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Last Updated on June 19, 2019, by eNotes Editorial. Word Count: 351

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The narrator embarks on a quest to learn as much as she can about her old friend Christa T., who has died from Leukemia. Even more, she wants to perpetuate her memory.

Yet she still needs to be protected against oblivion. This is where the evasions begin. It’s not against oblivion that she must be protected, but against being forgotten. For she, naturally, forgets. She has forgotten herself, us, heaven and earth, rain and snow.

While attending university, Christa was seeking her future path and identity. She changed schools, could not settle on a career choice, and began to write incessantly. The question of how to fit into a conventional schema troubled her.

She didn’t trust these names, oh no. She didn’t trust herself. She was doubtful, amid our toxic swirl of new namegiving; what she doubted was the reality of names, though she had to deal with them; she certainly felt that naming is seldom accurate, name and thing coincide only for a short time. She shrank from stamping any name on herself, the brand mark which decides which herd you belong to and which stable you should occupy.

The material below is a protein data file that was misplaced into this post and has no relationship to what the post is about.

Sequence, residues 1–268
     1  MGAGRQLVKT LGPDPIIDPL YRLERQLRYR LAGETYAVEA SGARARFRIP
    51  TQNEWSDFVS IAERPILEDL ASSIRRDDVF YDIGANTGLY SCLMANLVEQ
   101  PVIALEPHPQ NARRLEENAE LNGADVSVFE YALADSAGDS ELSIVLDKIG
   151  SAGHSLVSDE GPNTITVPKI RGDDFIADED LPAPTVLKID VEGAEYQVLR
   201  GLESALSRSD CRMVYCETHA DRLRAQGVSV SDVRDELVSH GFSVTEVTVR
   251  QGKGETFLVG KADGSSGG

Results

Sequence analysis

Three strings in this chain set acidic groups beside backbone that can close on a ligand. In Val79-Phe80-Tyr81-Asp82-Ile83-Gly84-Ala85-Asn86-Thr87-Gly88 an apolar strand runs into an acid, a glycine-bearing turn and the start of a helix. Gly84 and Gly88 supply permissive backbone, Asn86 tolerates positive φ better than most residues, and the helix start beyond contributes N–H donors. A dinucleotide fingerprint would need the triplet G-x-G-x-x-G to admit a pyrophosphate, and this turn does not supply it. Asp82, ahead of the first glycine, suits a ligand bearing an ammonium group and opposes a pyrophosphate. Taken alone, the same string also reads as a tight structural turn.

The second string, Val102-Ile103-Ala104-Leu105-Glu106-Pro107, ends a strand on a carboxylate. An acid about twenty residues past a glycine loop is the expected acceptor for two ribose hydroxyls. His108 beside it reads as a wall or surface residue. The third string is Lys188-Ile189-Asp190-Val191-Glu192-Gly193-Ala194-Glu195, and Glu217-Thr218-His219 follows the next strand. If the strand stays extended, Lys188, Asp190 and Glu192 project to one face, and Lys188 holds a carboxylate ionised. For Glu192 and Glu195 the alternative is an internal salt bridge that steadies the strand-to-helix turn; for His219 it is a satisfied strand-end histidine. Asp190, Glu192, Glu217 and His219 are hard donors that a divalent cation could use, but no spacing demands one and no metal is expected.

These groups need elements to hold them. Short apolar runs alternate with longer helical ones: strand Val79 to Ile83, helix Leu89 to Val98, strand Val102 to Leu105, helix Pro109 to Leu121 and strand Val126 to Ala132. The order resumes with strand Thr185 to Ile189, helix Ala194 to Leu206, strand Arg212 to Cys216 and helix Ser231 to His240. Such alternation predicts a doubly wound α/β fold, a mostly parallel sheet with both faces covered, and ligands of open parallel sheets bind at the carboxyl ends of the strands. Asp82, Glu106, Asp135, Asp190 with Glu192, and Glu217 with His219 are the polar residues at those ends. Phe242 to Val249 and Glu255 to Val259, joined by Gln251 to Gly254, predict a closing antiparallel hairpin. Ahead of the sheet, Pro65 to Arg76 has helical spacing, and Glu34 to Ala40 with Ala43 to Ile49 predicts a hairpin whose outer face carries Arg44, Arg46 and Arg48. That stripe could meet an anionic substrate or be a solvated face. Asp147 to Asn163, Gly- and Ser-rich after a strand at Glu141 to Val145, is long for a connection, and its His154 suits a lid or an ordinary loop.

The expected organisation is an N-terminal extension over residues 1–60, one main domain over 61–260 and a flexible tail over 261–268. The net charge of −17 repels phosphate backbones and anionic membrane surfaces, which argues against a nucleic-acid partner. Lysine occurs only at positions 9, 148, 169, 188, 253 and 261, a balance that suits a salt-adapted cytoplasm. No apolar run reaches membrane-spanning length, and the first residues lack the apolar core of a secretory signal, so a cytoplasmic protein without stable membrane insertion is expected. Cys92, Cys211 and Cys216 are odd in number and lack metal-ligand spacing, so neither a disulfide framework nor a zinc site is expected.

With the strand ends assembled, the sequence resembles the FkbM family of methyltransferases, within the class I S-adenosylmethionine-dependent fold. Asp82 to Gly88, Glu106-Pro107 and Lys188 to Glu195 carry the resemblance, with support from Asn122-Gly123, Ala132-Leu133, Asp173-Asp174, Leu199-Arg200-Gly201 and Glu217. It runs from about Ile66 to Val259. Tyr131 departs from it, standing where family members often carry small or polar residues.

She also ponders Christa’s reasons for becoming a teacher. She thinks that, more than to reach the children, what she wanted may have been a refuge or an emotional connection that was lacking elsewhere.

Yes, perhaps what she was looking for among the children was shelter. Their light precarious breath, their small hands holding one's own. And the fact that only important things are important to them. Love, for example, she can't help still believing in it, somewhat. When doubts came—love, what is it? can it help to shift a single speck of dust?

At the end, the narrator realizes that her quest was misguided.

Let's put all the evasions behind us.

No: the compulsion to make her stand and be recognized. Useless to pretend it's for her sake. Once and for all, she doesn't need us. So we should be certain of one thing: that it's for our sake. Because it seems we need her.

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